That reminds me of reading the menu in some restaurants. Long ago, I got into the habit of stripping away all the adjectives to see what I was actually ordering.

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Bob King

May 11, 2022 at 12:34 am

Thank you, Anthony. Good catch. Now corrected.

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May 11, 2022 at 11:01 am

Hi unsure if this has been asked but will the West Coast of Australia see the eclipse or East Coast or New Zealand or East Coast of Canada? My family is spread out and something like this is awesome to see with our children and elderly parents,means we are connected to us.

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Bob King

May 11, 2022 at 11:10 am

Hi Karla,
To answer your question, there's good news and bad news. Bad news first — the eclipse won't be visible in Australia and New Zealand. Good news — all of it will be visible from the East Coast of Canada! Check the table in the post for times to watch.

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May 11, 2022 at 11:50 am

Ohh what a stinker,well im sure my brother and his children will have prime positions up on a mountain somewhere.
Thankyou for answering that,now to break it to my mum in nz.

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Image of Rich


May 13, 2022 at 11:50 pm

Hi Karla,
As a consolation for your New Zealand relations, their is another Total Lunar Eclipse on November 8, 2022 and New Zealand will see the entire eclipse.

For the east coast of Australia, the eclipse will start earlier (local time) in the evening. They will see the start of the partial phase, but the Moon will be low in the East. They will see all of totality.

For the west coast of Australia, the eclipse will start even earlier (local time) and they will miss the start of the partial phase and the start of totality. They will see the end of totality, but the Moon will be low in the East.

BTW, if you could go from Perth through the center of the Earth, you would wind up somewhat to the southeast of Bermuda.

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Image of StanR


May 14, 2022 at 12:22 am

Thanks. I have to say, though, I found the map confusing since "May 16" appears on it twice, yet the eclipse starts the evening of May 15 for most. I finally realized that "Evening of May 16" is technically correct, since it appears to the left of the International Date Line, but I think it would be clearer if May 15 or 15-16 also appeared on it somewhere applicable. (Perhaps "Night of May 15-16" somewhere near the Western Hemisphere continents.)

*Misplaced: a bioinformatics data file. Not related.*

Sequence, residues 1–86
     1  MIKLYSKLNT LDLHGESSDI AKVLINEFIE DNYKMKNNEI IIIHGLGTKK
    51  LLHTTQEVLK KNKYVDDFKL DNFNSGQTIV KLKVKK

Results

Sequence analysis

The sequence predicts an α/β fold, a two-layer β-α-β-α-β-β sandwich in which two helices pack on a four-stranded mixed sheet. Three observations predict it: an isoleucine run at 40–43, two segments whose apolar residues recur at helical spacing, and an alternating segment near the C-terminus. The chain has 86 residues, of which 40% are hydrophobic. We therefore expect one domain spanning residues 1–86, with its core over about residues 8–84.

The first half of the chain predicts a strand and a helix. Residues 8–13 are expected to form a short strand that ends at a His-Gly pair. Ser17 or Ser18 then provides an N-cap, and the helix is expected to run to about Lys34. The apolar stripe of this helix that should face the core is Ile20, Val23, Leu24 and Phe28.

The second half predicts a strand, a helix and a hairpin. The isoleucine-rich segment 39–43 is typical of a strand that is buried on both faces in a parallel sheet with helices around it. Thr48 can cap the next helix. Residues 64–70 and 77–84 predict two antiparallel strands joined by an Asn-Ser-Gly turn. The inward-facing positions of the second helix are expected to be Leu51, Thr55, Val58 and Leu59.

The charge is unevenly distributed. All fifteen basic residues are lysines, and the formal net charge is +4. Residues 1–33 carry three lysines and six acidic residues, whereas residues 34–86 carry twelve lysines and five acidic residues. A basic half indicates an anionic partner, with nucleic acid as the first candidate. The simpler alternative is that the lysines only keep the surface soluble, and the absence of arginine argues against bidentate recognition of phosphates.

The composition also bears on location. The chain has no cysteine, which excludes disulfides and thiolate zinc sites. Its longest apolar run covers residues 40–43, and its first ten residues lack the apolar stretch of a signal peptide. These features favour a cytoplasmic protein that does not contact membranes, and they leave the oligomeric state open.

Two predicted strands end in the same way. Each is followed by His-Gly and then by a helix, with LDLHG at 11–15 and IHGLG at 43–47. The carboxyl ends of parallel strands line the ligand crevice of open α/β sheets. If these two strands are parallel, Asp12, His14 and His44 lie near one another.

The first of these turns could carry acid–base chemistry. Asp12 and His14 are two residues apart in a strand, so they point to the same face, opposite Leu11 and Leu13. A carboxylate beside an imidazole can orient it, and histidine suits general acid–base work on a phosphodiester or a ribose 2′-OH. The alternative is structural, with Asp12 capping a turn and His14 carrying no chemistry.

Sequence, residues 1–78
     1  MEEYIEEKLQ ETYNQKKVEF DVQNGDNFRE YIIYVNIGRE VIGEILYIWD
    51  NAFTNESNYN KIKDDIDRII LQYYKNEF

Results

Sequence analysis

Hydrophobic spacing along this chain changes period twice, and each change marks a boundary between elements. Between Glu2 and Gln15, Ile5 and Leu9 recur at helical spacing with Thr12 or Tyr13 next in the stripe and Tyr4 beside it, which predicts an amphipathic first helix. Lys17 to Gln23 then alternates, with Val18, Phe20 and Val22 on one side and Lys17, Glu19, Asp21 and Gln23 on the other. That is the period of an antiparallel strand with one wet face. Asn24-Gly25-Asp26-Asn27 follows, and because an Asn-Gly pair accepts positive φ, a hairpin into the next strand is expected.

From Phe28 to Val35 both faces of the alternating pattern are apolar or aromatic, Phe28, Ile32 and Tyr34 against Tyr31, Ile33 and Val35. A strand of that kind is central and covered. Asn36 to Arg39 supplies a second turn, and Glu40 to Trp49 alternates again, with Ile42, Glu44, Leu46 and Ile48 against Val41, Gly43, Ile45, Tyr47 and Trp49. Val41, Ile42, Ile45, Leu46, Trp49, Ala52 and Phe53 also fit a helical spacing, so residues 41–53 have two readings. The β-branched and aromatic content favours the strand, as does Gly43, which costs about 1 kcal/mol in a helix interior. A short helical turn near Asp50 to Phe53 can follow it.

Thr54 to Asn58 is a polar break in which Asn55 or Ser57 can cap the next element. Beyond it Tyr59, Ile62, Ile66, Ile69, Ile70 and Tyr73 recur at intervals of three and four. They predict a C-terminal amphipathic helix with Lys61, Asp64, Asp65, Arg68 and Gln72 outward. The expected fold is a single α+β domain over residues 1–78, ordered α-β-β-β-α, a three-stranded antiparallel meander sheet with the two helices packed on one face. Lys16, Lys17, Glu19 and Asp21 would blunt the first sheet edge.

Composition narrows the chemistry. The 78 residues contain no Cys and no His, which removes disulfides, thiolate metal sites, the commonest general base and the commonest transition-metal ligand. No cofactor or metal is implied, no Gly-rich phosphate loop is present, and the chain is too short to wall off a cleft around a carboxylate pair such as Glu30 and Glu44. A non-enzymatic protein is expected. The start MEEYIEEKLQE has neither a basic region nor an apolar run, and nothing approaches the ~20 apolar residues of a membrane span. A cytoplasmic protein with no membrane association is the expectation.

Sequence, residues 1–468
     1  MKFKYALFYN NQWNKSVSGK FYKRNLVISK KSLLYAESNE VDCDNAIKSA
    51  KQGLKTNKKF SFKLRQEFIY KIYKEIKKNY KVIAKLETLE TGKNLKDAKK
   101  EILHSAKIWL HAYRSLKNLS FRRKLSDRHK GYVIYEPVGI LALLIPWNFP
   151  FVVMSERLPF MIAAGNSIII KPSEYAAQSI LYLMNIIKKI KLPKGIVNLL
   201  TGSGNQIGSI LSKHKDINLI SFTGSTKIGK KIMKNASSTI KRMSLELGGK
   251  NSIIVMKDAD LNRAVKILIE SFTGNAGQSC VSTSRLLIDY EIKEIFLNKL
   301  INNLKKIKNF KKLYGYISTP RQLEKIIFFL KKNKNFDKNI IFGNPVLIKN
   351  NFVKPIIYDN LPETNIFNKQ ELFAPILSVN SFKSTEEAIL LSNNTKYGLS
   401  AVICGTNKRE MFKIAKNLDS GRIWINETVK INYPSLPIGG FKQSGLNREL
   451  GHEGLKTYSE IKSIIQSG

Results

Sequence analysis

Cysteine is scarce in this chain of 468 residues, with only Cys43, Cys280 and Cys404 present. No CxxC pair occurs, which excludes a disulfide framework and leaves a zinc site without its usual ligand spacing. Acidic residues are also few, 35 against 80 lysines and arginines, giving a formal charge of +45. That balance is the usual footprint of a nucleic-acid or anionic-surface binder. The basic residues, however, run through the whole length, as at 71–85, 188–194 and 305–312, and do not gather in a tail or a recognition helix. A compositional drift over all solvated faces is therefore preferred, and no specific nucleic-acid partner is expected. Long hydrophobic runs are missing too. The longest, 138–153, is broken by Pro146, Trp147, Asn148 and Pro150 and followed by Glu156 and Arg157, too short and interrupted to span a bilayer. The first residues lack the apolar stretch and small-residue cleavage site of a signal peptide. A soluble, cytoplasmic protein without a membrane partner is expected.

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Image of GaryN


May 15, 2022 at 1:41 pm

Bob, are you allowed to include these images? Astrospheric has been posting animations of the forecast(s) during the eclipse this evening that have been pretty interesting. Especially the smoke from the fires in New Mexico.

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Bob King

May 15, 2022 at 2:37 pm

Hi Gary,

Thanks for the link! Permissions might be tough with those, but I can sure add it to the links as a resource.

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John Jones

May 16, 2022 at 12:24 am

In Woodstock, GA, I judge the portion of the moon closest to the center of the umbra to be 0 on the Danjon scale, no features of the moon surface are visible to me. The edge nearer to the penumbra is 2.

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Bob King

May 16, 2022 at 2:15 am

Hi John,

I concur. It was a dark eclipse! I could faintly see the northern limb at mid-eclipse from my location with the naked eye. I gave it an overall "1" on the Danjon scale. Thanks so much for sharing your observation. People really appreciate when they can compare their observations with others.

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May 16, 2022 at 12:37 am

We observed the total lunar eclipse while on vacation in Cozumel, Mexico. It was 78° with partly cloudy skies. At maximal eclipse, we estimated a Danjon scale brightness between one and two.

Joe & Lisa Wandass
James & Alison Weglarski

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Bob King

May 16, 2022 at 2:16 am

Hi Jwandass3,

Much appreciated! Thank you for sending in your estimate. Preliminary observations indicate a dark eclipse. Enjoy those beautiful vacation skies!